Artist: Stephen Willats
Venue: Raven Row, London
Exhibition Title: Control
Date: January 23 – March 30, 2014
Full gallery of images, press release and link available after the jump.
Images courtesy of Raven Row, London
This is the first survey of work by Stephen Willats from the sixties. Willats (born and lives in London) was introduced to art as a teenage gallery assistant in 1958 and by 1962 was producing advanced artwork. He embraced the transdisciplinarity of the time, juggling the roles of social scientist, engineer, designer and artist, and developed an art about social interaction, using models derived from cybernetics, the hybrid post-war science of communication.
As well as the clothing and furniture made in 1965 when he briefly described himself as a ‘conceptual designer’, Willats’ earliest sculptural series of ‘Manual Variables’ is haptic and interactive. These will be shown alongside early issues of Control, the still-operating magazine he founded in the same period. Its title is a provocation, invoking the cybernetic idea that people can take control of their environments, thereby deflecting the controls of a dominant hierarchy.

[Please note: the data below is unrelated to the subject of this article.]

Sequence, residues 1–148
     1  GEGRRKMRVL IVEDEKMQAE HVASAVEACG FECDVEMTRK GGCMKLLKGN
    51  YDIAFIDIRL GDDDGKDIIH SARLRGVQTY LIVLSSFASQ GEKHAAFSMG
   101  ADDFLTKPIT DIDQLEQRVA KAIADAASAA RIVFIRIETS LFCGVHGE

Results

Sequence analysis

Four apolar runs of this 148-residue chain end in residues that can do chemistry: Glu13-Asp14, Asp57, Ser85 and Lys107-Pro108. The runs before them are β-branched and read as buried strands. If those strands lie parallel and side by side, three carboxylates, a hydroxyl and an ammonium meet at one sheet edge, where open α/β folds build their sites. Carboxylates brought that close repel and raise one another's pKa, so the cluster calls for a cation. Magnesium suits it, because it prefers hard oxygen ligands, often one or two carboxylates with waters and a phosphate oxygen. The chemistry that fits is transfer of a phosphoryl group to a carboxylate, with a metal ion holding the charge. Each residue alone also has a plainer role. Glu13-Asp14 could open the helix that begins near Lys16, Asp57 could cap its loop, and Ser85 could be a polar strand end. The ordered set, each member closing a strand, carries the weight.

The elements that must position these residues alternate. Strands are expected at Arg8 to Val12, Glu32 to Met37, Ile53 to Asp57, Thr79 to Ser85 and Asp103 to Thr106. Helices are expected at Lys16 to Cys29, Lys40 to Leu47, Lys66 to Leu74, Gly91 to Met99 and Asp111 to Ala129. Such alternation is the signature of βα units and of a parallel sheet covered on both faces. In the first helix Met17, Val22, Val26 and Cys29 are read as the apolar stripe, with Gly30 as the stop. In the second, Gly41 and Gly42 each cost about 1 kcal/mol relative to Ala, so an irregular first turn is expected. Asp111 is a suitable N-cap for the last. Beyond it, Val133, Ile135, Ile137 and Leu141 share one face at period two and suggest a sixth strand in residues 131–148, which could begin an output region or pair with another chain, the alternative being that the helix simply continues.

In 1968 Willats made an exhibition at the Museum of Modern Art Oxford in which he presented constructions involving movement and light – some wall-mounted, others large-scale environments – that were informed by his interest in contemporary theories: about probability and prediction, behavioural science, subliminal advertising, and colour in relation to motivation and learning. The display of these at Raven Row will be based on the darkened maze in which they were installed at Oxford, where they were proposed as experimental stimuli for ‘states of consciousness’.
Willats’ works on paper from this period elegantly combine cybernetic modelling, architectural graphics and constructivist geometries, and are consistent with his practice of today. However, he abandoned his dynamic constructions at the end of the sixties in pursuit of an art of social interaction beyond gallery and art object, for which he became well-known. This exhibition reconvenes this earlier work for the first time.